Soccer City, formerly known as the FNB Stadium, is a stadium located in the Soweto area of Johannesburg, South Africa. It is located next to the South African Football Association headquarters (SAFA House) where both the FIFA offices and the Local Organising Committee for the 2010 FIFA World Cup are housed.
FNB Stadium, known as Soccer City during the 2010 FIFA World Cup, is a stadium located in Nasrec, the Soweto area of Johannesburg, South Africa. It is located next to the South African Football Association headquarters (SAFA House) where both the FIFA offices and the Local Organising Committee for the 2010 FIFA World Cup were housed. Designed as the main association football stadium for the World Cup, the FNB Stadium became the largest stadium in Africa with a capacity of 94,700, However its maximum capacity during the 2010 FIFA World Cup was 84,490 due to reserved seating for the press and other VIP's. The stadium is also known by its nickname "The Calabash" due to its resemblance to the African pot or gourd.
It was the site of Nelson Mandela's first speech in Johannesburg after his release from prison. It was also the site of Chris Hani's funeral.
The stadium has been officially known as FNB Stadium since it was opened in 1989. This was due to a naming rights deal with First National Bank. However, the stadium was often referred to as Soccer City by fans and the media, including during the 1996 African Cup of Nations.
During the 2010 FIFA World Cup, as well as in the month before the tournament, the stadium was referred to as Soccer City. This was done as FIFA does not allow stadiums to be referred to by sponsored names during FIFA sanctioned tournaments.
On 12 July 2010, controversial future plans were announced to rename the stadium The National Stadium after the World Cup for international football and rugby matches. This was resolved after a South Gauteng High Court decision that owing to a 2007 naming rights agreements with First National Bank, the stadium's name would revert to "FNB Stadium".
FNB Stadium underwent a major upgrade for the 2010 tournament, with a new design inspired by the shape of an African pot, the calabash. The South African main contractor GLTA, part of the Aveng Group in a joint venture with the Dutch company BAM who had a 25% stake, constructed the upgrade, which was designed by the South African architects Boogertman + Partners who brought Populous on board the design team once construction had started on site in February 2007. The upgrade included: an extended upper tier around the stadium to increase the capacity to 88,958, an additional 2 executive suites, an encircling roof, new changing room facilities and new floodlights. The number of suites in the stadium was increased to 195. Grinaker-LTA and BAM international won the R1.5 billion tender to upgrade the stadium. The construction was completed on Wednesday, 21 October 2009 and was marked by a huge celebration at the stadium.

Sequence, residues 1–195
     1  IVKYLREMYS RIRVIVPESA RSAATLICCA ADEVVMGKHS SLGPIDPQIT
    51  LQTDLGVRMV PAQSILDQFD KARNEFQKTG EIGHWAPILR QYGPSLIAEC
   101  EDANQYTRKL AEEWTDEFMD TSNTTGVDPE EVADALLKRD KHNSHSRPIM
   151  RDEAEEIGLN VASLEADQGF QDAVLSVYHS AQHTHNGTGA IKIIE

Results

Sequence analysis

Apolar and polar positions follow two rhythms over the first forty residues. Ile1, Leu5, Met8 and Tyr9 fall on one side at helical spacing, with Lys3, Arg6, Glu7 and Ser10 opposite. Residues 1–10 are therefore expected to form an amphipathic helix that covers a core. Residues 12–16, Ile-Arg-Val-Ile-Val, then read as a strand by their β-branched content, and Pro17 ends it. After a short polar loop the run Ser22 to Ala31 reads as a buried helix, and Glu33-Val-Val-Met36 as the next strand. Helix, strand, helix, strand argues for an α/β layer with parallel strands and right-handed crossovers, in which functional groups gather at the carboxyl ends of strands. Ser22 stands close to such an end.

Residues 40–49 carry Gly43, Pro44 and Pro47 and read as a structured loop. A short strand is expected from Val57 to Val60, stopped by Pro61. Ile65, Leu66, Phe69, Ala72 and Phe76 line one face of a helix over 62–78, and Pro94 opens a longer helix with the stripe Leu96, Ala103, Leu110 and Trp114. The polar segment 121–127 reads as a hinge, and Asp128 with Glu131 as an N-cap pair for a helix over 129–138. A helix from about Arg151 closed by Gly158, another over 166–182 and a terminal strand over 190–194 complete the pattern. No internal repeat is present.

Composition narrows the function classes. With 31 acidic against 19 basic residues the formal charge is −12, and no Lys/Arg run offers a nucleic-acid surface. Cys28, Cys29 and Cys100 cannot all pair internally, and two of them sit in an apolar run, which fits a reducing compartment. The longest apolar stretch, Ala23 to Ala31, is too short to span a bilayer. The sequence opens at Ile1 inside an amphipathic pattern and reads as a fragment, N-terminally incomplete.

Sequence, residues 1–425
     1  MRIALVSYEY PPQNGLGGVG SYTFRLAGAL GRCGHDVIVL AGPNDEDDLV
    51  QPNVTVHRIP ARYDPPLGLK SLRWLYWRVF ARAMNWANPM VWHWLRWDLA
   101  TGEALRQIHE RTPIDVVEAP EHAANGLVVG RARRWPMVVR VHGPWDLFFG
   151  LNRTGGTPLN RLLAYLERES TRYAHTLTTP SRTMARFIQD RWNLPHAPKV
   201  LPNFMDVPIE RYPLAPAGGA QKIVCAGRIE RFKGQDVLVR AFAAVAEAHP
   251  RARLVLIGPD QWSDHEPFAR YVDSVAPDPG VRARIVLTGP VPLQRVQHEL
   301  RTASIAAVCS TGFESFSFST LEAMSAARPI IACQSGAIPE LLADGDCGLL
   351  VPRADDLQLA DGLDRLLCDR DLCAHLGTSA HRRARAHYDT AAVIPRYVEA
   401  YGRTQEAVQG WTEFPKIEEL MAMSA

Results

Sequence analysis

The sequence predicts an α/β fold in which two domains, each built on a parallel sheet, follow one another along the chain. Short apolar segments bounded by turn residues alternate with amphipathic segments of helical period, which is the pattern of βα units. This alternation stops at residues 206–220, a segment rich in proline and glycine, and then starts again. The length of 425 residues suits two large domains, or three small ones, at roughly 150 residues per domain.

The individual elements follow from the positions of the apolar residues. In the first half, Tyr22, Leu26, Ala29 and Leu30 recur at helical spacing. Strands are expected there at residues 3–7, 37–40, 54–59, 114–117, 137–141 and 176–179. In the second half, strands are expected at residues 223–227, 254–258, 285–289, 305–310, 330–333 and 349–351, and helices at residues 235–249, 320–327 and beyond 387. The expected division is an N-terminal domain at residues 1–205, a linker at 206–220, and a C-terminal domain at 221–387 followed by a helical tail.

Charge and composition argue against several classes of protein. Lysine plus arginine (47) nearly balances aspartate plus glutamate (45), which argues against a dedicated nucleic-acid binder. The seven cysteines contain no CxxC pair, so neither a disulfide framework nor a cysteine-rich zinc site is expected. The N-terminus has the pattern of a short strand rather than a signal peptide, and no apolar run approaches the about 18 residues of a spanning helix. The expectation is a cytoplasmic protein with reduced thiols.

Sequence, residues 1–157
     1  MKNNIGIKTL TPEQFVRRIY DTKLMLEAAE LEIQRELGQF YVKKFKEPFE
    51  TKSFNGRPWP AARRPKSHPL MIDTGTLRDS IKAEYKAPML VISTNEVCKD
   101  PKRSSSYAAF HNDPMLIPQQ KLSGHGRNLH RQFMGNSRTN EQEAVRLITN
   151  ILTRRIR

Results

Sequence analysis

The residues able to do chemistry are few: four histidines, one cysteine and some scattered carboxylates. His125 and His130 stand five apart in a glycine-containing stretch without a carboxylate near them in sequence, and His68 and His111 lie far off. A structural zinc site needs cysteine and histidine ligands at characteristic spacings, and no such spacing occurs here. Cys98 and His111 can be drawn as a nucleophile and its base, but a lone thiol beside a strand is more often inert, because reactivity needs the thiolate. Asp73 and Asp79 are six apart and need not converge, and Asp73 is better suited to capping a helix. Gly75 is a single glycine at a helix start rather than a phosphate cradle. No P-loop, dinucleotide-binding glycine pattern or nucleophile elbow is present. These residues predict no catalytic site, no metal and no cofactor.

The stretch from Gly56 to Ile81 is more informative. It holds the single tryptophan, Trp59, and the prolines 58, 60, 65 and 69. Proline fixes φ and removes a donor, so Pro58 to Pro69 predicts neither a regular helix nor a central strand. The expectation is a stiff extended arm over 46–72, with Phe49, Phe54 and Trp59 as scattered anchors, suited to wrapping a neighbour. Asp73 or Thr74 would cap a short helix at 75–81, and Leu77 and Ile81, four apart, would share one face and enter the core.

The outside of the stadium is designed to have the appearance of an African pot; the cladding on the outside is a mosaic of fire and earthen colours with a ring of lights running around the bottom of the structure, simulating fire underneath the pot. No spectator is seated more than 100 metres (330 ft) from the field, and there are no restricted views in the stadium.
The stands in Soccer City are articulated by ten black vertical lines; nine are aligned geographically with the nine other stadiums involved in the 2010 World Cup. Because 9 is considered to be an unlucky number in South African traditional culture,Шаблон:Citation needed a tenth line was added. This tenth line is aimed at Berlin's Olympic Stadium, which hosted the previous World Cup final in 2006. This represents the road to the final and it is hoped that after the World Cup, each goal scored at the stadium will be placed in pre-cast concrete panels on a podium so that the full history of the tournament’s scores can be seen for years to come.